A worker checks the valve of an oil pipe at the Lukoil company owned Imilorskoye oil field outside the West Siberian city of Kogalym, Russia, January 25, 2016.
A worker checks the valve of an oil pipe at the Lukoil company owned Imilorskoye oil field outside the West Siberian city of Kogalym, Russia, January 25, 2016. Reuters / Sergei Karpukhin

The European Union is considering options to cut imports of Russian oil as part of possible further sanctions against Moscow over its invasion of Ukraine, but none has been formally proposed as governments assess their impact.

Around half of Russia's 4.7 million barrels per day of crude exports go to the EU. Cutting them off would deprive Moscow of a major revenue stream.

Europe has paid Russia 14 billion euros ($14.94 billion) for oil since the start of what Moscow calls a special military operation in Ukraine two months ago, according to research organisation the Centre for Research on Energy and Clean Air.

Sanctions would also hit the EU, as Russia is Europe's biggest oil supplier, providing 26% of the bloc's oil imports in 2020. Germany, Poland and the Netherlands are Europe's biggest buyers of Russian oil.


The most straightforward measure to sanction Moscow would be a ban on oil imports, along the lines of the embargo imposed by the EU on Russian coal last month.

But EU governments have yet to agree on crucial aspects of such a move, including when it would take effect, how long the phase-out period would last for existing contracts, and whether it would include all types of Russian oil.

Germany, the EU's largest economy, has said it is working to end imports of Russian oil by the end of the year, which would delay any disruption it might have on Russia's ongoing military operations.

Conversely, imposing such a sanction too quickly could deal a body blow to the European economy and could increase overall revenues to Russia by raising global oil prices.

To limit the negative impact on the EU, the bloc is racing to find alternative suppliers at moderate prices.

It could also opt for a gradual reduction of the volumes of imported oil from Russia, without a total ban.

Around 60% of Russian crude exports to Europe last year were contracted under long-term commitments, as opposed to purchases on the spot market, which are easier to cut, according to JPMorgan.

Sanctions are also likely to be applied differently depending on how the oil is delivered, an EU source told Reuters, differentiating between oil imported via pipelines and tankers.


EU trade commissioner Valdis Dombrovskis said one way to cut EU imports would be to impose tariffs on Russian oil.

That would force Russia to cut the pre-tariffs price of its exported oil to keep it competitive, effectively reducing its revenues, Simone Tagliapietra, senior researcher at Brussels-based think tank Bruegel, told Reuters.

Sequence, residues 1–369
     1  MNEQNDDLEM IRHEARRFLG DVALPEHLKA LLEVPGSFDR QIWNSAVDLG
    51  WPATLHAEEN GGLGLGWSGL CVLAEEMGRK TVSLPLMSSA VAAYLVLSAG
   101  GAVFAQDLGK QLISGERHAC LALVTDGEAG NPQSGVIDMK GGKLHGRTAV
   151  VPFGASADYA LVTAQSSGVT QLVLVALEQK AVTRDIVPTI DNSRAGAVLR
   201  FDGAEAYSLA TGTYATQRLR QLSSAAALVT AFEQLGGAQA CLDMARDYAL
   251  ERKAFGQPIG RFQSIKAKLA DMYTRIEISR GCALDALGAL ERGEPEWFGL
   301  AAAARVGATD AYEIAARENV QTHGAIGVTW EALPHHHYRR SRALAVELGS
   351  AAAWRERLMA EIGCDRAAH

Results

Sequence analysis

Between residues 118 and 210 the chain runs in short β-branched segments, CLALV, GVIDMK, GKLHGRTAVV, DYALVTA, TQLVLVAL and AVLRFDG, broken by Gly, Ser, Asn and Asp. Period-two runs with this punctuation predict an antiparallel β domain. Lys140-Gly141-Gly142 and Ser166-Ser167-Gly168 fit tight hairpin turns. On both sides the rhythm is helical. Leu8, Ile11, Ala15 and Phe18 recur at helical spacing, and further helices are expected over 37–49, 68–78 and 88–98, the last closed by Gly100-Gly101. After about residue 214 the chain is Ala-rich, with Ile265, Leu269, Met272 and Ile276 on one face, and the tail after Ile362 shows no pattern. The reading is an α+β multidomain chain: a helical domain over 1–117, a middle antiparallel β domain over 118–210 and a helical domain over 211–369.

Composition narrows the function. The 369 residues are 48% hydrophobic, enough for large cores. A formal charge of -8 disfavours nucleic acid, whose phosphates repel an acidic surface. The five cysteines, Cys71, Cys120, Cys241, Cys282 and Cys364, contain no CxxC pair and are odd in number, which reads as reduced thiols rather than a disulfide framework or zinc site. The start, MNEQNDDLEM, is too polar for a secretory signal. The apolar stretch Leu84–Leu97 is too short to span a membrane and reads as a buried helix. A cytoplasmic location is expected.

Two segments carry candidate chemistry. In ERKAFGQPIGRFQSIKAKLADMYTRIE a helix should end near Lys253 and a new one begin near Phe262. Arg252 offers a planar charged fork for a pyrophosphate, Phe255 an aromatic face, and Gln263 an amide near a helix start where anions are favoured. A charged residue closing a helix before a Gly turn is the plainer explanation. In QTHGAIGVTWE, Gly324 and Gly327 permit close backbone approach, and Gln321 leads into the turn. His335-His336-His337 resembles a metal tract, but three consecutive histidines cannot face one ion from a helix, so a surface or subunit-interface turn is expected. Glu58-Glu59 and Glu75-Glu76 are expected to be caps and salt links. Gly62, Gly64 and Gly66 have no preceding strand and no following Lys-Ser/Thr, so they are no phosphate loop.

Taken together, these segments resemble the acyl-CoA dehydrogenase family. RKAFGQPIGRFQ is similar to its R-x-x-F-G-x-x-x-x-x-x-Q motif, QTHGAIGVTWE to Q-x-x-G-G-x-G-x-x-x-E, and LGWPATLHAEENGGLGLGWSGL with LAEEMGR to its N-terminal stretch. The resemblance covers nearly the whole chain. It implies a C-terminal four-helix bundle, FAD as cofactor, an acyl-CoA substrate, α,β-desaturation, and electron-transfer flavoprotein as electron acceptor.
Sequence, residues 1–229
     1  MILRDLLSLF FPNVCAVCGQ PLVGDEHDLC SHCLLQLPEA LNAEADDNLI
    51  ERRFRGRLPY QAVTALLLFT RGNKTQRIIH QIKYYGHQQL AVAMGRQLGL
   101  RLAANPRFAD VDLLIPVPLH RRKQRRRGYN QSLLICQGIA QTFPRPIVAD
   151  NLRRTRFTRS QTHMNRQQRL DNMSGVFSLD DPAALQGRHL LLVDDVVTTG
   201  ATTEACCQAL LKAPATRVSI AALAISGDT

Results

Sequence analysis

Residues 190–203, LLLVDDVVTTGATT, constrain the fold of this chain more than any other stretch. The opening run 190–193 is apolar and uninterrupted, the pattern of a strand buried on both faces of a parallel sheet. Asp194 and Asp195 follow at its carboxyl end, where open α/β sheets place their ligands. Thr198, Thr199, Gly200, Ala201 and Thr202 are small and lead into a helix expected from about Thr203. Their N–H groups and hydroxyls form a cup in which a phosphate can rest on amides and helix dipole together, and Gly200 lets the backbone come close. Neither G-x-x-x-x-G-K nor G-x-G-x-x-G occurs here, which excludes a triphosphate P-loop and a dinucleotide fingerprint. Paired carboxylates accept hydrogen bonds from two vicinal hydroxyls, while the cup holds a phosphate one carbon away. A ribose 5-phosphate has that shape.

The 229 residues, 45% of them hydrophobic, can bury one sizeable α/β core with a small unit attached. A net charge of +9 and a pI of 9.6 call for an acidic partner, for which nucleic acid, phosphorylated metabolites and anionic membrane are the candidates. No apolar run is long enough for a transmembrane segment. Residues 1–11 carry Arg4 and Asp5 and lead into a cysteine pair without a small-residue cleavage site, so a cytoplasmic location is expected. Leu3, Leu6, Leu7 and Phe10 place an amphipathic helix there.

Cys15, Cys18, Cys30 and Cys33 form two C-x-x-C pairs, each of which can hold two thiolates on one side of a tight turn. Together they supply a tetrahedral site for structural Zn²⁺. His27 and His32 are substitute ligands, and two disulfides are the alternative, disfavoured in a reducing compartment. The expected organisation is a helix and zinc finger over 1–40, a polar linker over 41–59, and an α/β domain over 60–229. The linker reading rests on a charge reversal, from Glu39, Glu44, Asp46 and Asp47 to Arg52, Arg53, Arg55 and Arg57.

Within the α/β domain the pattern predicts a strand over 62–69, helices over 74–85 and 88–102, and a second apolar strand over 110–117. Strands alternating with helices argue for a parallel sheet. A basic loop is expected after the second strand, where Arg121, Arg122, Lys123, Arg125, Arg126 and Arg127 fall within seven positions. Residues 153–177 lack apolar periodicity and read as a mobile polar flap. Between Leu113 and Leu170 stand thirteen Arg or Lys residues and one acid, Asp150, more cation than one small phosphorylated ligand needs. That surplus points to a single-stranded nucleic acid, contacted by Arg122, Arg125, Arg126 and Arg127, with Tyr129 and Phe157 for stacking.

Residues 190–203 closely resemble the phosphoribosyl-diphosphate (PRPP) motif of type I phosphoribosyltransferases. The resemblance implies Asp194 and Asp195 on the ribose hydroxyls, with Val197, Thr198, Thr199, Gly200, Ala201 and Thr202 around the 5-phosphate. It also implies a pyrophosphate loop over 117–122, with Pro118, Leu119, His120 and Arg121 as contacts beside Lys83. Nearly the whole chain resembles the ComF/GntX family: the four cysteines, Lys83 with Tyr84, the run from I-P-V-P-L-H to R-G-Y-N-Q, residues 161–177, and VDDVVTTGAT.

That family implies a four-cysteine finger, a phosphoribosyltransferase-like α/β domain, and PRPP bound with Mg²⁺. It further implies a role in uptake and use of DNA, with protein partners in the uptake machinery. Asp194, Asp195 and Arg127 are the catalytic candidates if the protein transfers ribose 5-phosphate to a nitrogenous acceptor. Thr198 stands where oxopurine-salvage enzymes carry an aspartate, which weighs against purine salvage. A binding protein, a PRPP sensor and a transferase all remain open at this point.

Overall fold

The measure could, however, also contribute to further raising fuel prices in the EU, where high energy prices have already driven inflation to record levels.

A tax on Russian oil would have the same positive and negative effects, although it would be paid directly by EU consumers, rather than by Moscow.

All other measures to cut Russian oil imports could have inflationary effects, but tariffs and taxes are especially divisive because the EU could be directly blamed for some of the resulting price increase.

Russia could also react by imposing further retaliatory measures on the EU, which could lead to even higher oil prices.


EU countries could also opt for a cap on the price that they are willing to pay to Moscow for oil.

That would not be in breach of existing oil contracts if EU countries merely stopped buying Russian oil once the self-imposed threshold is reached.

However, lacking sufficient and moderately priced alternatives, the EU would end up facing an increased energy bill or a slowdown of economic activity.

This could be exploited by eurosceptic parties, a political risk in France ahead of legislative elections in June.

The measure would also blur price signals, which could lead to further inflationary risks.


Estonian Prime Minister Kaja Kallas has called for an escrow account to be set up where some of the EU payments to Moscow for energy imports would be temporarily held.

Russia could only access that money at a later stage or for set expenditures, such as for medical equipment or even payments to help rebuild damaged cities in Ukraine.

This would reduce EU payments to Russia without necessarily decreasing EU imports.

However, it could be in breach of oil contracts. That would put the EU in a legally awkward position, and could lead to Moscow's decision to unilaterally block or reduce energy exports to the EU.

Alternatively, the escrow account could be used to deposit money raised via tariffs or taxes on Russian oil. That would not breach contracts. However, it would not be a different measure, but rather a tool to use revenues from other measures.

($1 = 0.9371 euros)